While being an active and respected member of the Deaf community, Lyle lives in a Residential Care facility and—as the only Deaf resident—deals with language and cultural barriers daily.
Ageing Well is driving a new campaign to reconnect Deaf seniors like Lyle to their family, friends and community networks by training them in the use of iPads for video-calling and other assistive technologies.
Lyle was the first Ageing Well client to receive an iPad, and receives weekly visits from Ageing Well volunteer Peter Cremin to learn how to use it.
Lyle (seen here with Ageing Well volunteer Peter Cremin) can’t wait to use her new iPad to connect with friends and family.
It’s fair to say Lyle is thrilled with her new iPad. “I am looking forward to talking regularly with my brother,” she says. “I will be able to know when he is visiting me. I can also connect with my Deaf seniors group!”
Like many Deaf seniors, much of Lyle’s communication with the outside world had been conducted via a fax machine.
Unfortunately, due to the continued rollout of the National Broadband Network (NBN) and shared network capacity, many fax machines have begun to work unreliably, if at all. With fax viewed as obsolete technology, the unintended consequence is the removal of a communication lifeline to many Deaf Australians.
While Lyle is in a supported living situation, for the many Deaf seniors living in their own home, the disruption to their primary form of communication can have disastrous consequences.
For Ageing Well Manager Dr Leena Vuorinen, this was an opportunity to act.
“For many of our clients who rely on fax, it is already difficult to schedule visits,” she says. “This situation makes things worse, when we don’t even know if their fax is working.”
A fax machine can be a communication lifeline to many Deaf seniors.
The impact affects not only Ageing Well clients, but also the program’s support workers.
“My staff are often turning up to visit clients hoping they will be home,” Dr Vuorinen says, “because we have no way of checking they will be there.”
A solution came in late 2019, when Dr Vuorinen successfully applied for a grant from the Queensland Government’s Gambling Community Benefit Fund (GCBF) to begin the program.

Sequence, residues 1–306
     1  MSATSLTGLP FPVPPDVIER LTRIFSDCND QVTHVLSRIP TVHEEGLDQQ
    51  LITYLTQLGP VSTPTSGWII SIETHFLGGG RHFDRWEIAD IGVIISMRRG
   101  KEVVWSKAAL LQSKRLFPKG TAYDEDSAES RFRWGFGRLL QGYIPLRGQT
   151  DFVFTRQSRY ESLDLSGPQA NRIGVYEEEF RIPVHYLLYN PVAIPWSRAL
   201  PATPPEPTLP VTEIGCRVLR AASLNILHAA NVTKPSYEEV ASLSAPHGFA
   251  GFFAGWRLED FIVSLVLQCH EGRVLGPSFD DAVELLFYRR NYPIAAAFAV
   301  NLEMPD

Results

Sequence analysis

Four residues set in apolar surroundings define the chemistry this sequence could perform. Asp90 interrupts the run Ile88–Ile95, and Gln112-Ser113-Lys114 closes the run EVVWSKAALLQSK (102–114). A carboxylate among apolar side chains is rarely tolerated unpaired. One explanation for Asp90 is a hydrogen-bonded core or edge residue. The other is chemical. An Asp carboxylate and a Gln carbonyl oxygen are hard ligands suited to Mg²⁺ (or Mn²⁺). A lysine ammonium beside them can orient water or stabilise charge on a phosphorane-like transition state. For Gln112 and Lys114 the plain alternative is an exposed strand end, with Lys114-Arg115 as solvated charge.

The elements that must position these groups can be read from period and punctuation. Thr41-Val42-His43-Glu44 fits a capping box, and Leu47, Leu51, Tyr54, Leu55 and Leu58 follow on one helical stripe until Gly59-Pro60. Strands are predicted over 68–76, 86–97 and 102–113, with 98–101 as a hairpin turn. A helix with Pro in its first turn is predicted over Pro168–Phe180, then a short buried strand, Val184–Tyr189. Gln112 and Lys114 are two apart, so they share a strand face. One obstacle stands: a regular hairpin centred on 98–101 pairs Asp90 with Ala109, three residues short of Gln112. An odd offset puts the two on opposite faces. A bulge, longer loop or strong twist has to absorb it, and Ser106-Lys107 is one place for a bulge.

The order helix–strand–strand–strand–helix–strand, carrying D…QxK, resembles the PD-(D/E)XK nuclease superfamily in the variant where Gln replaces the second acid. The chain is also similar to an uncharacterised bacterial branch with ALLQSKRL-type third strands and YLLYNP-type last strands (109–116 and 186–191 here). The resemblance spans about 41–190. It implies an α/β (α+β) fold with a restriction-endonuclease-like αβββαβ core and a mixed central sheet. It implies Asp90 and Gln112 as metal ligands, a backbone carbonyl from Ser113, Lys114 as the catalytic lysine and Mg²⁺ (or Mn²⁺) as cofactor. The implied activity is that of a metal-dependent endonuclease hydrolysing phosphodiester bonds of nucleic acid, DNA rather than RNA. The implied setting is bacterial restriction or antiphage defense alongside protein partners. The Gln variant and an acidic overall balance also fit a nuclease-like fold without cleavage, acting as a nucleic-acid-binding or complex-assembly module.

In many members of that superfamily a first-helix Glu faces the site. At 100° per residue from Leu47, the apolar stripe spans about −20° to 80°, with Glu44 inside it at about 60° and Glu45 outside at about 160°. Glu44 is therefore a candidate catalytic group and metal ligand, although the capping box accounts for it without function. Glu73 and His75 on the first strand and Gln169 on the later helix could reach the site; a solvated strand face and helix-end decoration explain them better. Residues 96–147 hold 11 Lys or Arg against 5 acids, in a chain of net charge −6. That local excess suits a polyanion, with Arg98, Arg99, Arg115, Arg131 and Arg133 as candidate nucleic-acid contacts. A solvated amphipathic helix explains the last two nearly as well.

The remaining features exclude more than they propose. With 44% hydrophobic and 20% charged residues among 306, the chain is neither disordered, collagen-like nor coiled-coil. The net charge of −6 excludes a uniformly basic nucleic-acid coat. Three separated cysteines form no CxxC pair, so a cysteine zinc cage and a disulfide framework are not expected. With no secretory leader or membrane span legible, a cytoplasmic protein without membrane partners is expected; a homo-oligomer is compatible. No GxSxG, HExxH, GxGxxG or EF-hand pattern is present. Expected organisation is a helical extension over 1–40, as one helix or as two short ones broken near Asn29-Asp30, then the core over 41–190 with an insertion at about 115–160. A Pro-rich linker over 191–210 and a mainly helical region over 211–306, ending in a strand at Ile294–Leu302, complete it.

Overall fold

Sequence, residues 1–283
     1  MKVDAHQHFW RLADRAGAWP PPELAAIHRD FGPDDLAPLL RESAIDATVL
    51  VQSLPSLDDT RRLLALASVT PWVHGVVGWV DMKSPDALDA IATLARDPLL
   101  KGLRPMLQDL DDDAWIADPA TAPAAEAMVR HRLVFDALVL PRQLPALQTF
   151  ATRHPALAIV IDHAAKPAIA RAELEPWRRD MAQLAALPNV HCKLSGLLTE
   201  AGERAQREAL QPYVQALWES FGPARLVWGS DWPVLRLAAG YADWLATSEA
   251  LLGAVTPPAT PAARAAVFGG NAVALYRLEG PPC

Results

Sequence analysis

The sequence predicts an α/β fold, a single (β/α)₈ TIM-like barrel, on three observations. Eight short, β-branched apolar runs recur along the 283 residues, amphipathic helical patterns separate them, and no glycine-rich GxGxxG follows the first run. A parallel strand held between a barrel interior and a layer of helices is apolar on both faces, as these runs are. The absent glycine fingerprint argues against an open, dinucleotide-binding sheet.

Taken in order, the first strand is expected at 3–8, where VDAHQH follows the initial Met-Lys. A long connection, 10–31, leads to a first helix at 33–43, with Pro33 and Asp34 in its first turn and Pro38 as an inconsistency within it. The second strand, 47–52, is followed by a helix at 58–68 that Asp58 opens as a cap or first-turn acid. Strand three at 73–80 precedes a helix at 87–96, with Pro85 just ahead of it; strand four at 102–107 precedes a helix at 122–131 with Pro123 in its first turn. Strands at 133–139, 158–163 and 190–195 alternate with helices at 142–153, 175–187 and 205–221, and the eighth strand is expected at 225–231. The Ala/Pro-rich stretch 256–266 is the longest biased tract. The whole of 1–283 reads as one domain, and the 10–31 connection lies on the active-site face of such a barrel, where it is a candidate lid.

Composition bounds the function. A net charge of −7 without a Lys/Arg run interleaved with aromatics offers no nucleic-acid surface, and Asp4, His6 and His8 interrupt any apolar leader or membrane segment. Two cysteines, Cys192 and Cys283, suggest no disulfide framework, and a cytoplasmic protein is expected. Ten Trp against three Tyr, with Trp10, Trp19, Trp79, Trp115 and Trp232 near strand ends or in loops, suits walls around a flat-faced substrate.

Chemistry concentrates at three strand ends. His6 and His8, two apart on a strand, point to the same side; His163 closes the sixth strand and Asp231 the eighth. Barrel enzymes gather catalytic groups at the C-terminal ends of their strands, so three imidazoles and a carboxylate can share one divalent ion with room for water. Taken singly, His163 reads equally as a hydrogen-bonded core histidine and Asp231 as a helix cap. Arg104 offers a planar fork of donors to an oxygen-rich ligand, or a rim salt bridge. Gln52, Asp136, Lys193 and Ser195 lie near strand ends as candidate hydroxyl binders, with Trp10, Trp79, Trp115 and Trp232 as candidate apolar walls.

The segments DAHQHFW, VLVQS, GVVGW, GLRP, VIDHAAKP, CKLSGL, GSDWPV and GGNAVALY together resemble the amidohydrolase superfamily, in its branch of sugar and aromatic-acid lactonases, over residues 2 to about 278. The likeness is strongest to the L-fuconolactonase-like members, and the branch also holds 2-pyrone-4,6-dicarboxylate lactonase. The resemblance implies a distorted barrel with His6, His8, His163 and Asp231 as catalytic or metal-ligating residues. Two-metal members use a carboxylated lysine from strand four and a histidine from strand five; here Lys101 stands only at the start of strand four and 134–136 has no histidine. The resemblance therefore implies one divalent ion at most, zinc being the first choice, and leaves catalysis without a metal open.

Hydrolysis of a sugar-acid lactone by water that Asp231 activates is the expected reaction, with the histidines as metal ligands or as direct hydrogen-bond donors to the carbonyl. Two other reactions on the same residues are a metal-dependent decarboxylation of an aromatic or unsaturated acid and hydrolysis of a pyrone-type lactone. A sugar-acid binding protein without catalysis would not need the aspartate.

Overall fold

In the same week she received the good news, Dr Vuorinen also received an email from Digital Media student Peter Cremin, expressing an interest in volunteering at Deaf Services. It was a fortuitous coincidence, to say the least!
“I emailed Peter back straight away,” Dr Vuorinen remembers. “I said how soon can we meet?”
For Peter, it was a natural fit.
“I wanted to work with Deaf Services because I wanted to experience more understanding of the Deaf community,” he says. “I was born deaf, and grew up with two hearing aids. Now I’ve got a bilateral cochlear implant.”
Soon, the program will be expanded to connect Deaf seniors with Auslan students.
Dr Vuorinen says she hopes to soon expand the volunteer pool to include students studying Auslan with Deaf Services, upskilling them on their journey to become qualified interpreters. For the Deaf seniors, the confidence they gain through better understanding technology will deliver numerous benefits.
“The skills our clients can gain through this program will allow them create and fulfil relationships with family members and friends. For those without these close relationships, our volunteers will be of such benefit.”
Your support of The Deaf Lottery will allow Deaf Services to develop and expand this project, empowering Deaf seniors to connect and strengthen new and existing relationships, reducing isolation and promoting wellbeing.